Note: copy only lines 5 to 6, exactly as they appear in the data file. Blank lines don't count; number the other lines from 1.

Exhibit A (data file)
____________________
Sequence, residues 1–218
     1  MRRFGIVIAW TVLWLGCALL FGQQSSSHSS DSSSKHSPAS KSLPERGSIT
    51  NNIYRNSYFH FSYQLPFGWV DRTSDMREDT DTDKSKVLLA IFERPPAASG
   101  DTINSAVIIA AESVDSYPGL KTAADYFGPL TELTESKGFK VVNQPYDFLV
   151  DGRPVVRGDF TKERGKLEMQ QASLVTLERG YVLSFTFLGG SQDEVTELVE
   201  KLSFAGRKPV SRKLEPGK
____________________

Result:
   151  DGRPVVRGDF TKERGKLEMQ QASLVTLERG YVLSFTFLGG SQDEVTELVE
   201  KLSFAGRKPV SRKLEPGK